Shrinking: Harrison Ford Is Still The Best

Harrison Ford sits on a bench with Alice on the Apple TV series "Shrinking"

Harrison Ford has Parkinson’s.

Not really, but that’s what the voice in my head whispered when I saw Ford’s hand tremor; he was speaking with colleagues in-character as Dr. Paul Rhoades, a senior therapist at the Cognitive Behavioral Therapy Center. Dr. Paul Rhoades has Parkinson’s disease.

In the scene, Paul has just walked into the break room. He reaches to open a cabinet for a coffee mug, and we see his hand shake as he lifts his arm. 

That’s it. Paul doesn’t react, and his colleagues don’t react. This character has Parkinson’s. Going back and rewatching episode one of Apple TV’s “Shrinking,” I realize a colleague, Gaby, casually mentions she is going to leave a water bottle on Paul’s desk, because something like “people with PD may be prone to dehydration.” But it didn’t register at all for me as a viewer the first time I watched this.

Gaby said what she said so casually and so much in the flow of everything else that was plot-building that it was nothing to me. It was as if she’d said she was going to leave a coupon on his desk because Paul loved pizza.

I literally missed the disclosure of Paul’s condition, because it was normalized.

He told his colleagues. They know.

But because this is a drama (a true dramedy, in fact), in hindsight one realizes Paul has not disclosed his diagnosis to just anyone.

In a spin on the familiar fears of professional disclosure, Paul Rhoades feels safe about his Parkinson’s at work. He is less secure outside of his work bubble, an idea that will drive future episodes.

Paul is a 73-year-old with a past (because all 73-year-old people have a past). We learn Paul has an adult daughter, a son-in-law, and a grandson; those three people constitute Paul’s family in the traditional sense. But Paul has not told those three people he has Parkinson’s disease.

It took me a minute to process that Paul feels closer to and trusts his work partners more than he does his daughter and her family. This character has been forthright about his diagnosis with his friends and colleagues, but not with his own family members. That he is able to carry on this charade speaks volumes about trust, and distance, and fear, and connection.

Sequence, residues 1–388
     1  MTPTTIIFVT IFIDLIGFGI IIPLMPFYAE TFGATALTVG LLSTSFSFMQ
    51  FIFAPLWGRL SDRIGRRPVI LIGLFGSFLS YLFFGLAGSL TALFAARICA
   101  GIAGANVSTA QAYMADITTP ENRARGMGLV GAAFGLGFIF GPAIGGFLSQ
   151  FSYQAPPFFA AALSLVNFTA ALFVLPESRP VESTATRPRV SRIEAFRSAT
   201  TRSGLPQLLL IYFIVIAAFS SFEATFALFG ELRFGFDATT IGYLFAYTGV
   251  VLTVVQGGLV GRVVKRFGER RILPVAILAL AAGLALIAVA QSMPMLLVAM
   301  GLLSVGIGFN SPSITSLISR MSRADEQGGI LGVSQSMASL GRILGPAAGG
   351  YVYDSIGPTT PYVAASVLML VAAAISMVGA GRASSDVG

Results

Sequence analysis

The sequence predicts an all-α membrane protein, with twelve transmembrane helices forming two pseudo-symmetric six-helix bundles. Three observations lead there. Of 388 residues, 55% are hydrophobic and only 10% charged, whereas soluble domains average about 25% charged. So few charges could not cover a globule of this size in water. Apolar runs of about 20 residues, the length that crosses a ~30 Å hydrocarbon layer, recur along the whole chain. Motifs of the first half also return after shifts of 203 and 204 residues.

I think of this as a Part One post about Dr. Paul Rhoades, because things are already rolling and Paul is facing some bigger issues than his PD. One gem in the crown of this series is no shortage of humor around therapists trying to help their patients whilst unable to use their professional skills to solve their own issues. But that’s the charm. And that’s part of what eventually makes clear why Paul is so close with his work family. They keep each other honest about their respective self-deceptions, and gently push each other to confront their fears.

Not surprisingly, “Shrinking” has been renewed for a second season.

I’ll be there.

Content warning so far in Season 1: Spousal death, substance abuse, PTSD/veterans, divorce and its aftermath. Lots of language. The laughter helps through the tears. What I’m saying is this is a lot like life. Which on any given day I am or am not up for. You decide.

“And You Know These Bad Men by Sight?”

Harrison Ford’s Witness is one of my all time favorite films. The Wiki entry includes these lines:

Witness was generally well received by critics and earned eight Academy Award nominations (including Weir’s first and Ford’s sole nomination to date).

Roger Ebert of the Chicago Sun-Times rated the film four out of four stars, calling it “first of all, an electrifying and poignant love story. Then it is a movie about the choices we make in life and the choices that other people make for us. Only then is it a thriller—one that Alfred Hitchcock would have been proud to make.” He concluded, “We have lately been getting so many pallid, bloodless little movies—mostly recycled teenage exploitation films made by ambitious young stylists without a thought in their heads—that Witness arrives like a fresh new day. It is a movie about adults, whose lives have dignity and whose choices matter to them. And it is also one hell of a thriller.”

I’ve never been able to shake some scenes, and the clip above is one particular sticky example. It replays in my mind often, and lately every day.

Some critics dismiss Witness as “just another cop movie.” Others praise it for being “devoid of easy moralizing.”

This Sunday morning I am asking myself, what does my country want to be? Is the 21st Century U.S.A.  just another cop movie? Or will we be willing to go deeper?

Wishing you a day of peace and reflection.